Children who try just one cigarette are twice as likely to take up smoking as those who have never tried it, a study funded by Cancer Research UK suggests.
Just one cigarette can lead to a habit, the study suggests
The 2,000-pupil study, in Tobacco Control, found this was the case even after a gap of three years or more.
It is the first to find a smoking "sleeper effect" - where desire remains years after the first cigarette.
Cancer Research UK said anti-smoking campaigns should focus on preventing children trying even one cigarette.
Around 14% of 11-year olds and 62% of 15-year olds have smoked a cigarette.
Prevention messages should also be targeted at children while they are still at primary school, warned the researchers.
Young people in 36 London schools were surveyed every year from the age of 11 to 16.
The 12% of 11-12 year olds who admitted smoking just once were more likely to take up smoking when they were older compared with those who had never smoked, even after a gap of up to three years of not smoking.
The researchers said the "sleeper effect" could be explained in several ways.
Nicotine in a single cigarette may effect pathways in the brain increasing the likelihood that someone will start smoking in response to other triggers, such as stress.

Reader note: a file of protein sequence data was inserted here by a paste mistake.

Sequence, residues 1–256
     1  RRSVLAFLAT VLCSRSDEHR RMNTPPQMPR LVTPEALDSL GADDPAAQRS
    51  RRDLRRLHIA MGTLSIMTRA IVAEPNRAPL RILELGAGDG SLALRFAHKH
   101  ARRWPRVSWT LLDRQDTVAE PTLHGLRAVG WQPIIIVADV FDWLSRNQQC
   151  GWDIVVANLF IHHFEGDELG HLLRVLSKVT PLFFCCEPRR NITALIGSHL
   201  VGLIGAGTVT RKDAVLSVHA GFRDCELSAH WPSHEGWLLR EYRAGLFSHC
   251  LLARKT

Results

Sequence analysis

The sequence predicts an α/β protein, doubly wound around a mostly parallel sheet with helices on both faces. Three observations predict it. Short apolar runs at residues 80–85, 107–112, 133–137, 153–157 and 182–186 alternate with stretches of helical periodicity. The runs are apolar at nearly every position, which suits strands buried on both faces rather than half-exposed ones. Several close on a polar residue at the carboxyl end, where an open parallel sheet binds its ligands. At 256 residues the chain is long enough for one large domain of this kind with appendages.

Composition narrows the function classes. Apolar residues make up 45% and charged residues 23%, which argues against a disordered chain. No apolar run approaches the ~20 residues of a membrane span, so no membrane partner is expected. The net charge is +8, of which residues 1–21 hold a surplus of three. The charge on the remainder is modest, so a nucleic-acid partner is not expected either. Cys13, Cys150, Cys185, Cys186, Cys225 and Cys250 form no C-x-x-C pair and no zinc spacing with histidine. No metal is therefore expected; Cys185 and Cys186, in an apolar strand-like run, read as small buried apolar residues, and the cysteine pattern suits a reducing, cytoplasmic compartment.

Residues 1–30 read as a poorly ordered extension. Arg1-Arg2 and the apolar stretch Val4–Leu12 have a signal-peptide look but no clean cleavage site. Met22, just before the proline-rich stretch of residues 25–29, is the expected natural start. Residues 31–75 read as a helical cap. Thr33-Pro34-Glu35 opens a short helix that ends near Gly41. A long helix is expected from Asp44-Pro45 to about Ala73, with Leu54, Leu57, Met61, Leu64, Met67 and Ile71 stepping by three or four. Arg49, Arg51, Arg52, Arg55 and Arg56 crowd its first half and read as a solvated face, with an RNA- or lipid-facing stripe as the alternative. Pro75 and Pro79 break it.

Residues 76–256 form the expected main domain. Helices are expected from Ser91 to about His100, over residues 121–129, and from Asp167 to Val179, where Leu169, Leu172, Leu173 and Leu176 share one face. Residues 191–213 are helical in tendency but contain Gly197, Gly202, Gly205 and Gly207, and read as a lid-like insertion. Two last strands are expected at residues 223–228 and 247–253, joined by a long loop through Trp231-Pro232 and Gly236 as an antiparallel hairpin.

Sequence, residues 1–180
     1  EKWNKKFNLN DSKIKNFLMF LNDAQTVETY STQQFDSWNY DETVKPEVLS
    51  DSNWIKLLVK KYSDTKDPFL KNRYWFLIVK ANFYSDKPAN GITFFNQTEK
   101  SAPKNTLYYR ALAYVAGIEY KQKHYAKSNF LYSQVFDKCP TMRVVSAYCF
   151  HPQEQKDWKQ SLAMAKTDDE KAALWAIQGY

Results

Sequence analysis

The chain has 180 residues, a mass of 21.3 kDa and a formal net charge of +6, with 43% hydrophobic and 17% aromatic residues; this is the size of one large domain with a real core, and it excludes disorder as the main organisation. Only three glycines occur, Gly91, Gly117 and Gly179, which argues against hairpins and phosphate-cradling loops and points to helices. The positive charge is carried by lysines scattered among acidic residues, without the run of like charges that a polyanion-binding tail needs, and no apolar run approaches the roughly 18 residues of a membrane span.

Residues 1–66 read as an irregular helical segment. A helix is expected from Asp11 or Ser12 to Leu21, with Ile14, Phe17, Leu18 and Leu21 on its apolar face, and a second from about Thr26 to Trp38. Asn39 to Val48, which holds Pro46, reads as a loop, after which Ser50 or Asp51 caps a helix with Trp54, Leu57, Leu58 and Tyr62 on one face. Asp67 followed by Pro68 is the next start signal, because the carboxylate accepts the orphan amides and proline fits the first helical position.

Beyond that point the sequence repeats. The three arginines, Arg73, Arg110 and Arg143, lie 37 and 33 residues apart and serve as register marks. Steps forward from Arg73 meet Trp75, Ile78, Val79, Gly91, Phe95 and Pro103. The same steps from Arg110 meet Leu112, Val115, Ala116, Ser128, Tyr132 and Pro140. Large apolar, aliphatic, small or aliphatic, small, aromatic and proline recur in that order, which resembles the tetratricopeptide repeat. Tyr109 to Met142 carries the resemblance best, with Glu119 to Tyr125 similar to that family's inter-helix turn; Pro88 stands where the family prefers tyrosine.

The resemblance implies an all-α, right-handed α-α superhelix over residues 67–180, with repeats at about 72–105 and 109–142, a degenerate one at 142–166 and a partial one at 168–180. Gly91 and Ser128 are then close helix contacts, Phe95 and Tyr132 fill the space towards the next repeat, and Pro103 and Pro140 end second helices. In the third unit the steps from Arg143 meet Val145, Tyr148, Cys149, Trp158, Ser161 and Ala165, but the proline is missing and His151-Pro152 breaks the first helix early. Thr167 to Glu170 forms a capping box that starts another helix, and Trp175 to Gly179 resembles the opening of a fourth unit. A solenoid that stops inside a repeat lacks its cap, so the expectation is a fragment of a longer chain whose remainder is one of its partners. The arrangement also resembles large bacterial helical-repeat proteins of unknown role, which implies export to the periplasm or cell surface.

Alternatively, trying a cigarette may break down barriers that might prevent someone taking up smoking - such as fear of being caught or insecurity about how to smoke.
Study leader Dr Jennifer Fidler, a research psychologist at the Cancer Research UK health behaviour unit in London said: "It is known that past smoking behaviour predicts future behaviour and it could take some time to progress from an experimental to regular smoker.
"But this is the first study that shows an early experience with one cigarette leads to smoking several years in the future."
She added: "There are two important messages - firstly it may be more important than previously thought to try and prevent children from trying even one cigarette and, secondly, health professionals and those working in smoking prevention in schools need to be aware that those who have tried one cigarette, but are not smokers, are at risk.
"Prevention efforts might be most effective if focused on pre-secondary school children."
Deborah Arnott, director of anti-smoking charity Ash, said she would not be surprised if further research showed that one cigarette had an addictive effect.
"This is very interesting because other bits of research seem to show there is conditioning of nicotine receptors and it also happens with second-hand smoke because if parents smoke in front of their children, they are more likely to smoke - and there is evidence to show that's an effect of nicotine conditioning as well."
Simon Clark, director of the smokers' lobby group Forest, said: "The idea that one cigarette can have such a profound effect on anyone, including teenagers, seems rather dubious.
"I accept that children who smoke a cigarette at the age of 11 may be more likely to take up smoking within the next few years but, whatever this report says, I suspect that has far more to do with immaturity, a rebellious personality and a lack of parental guidance."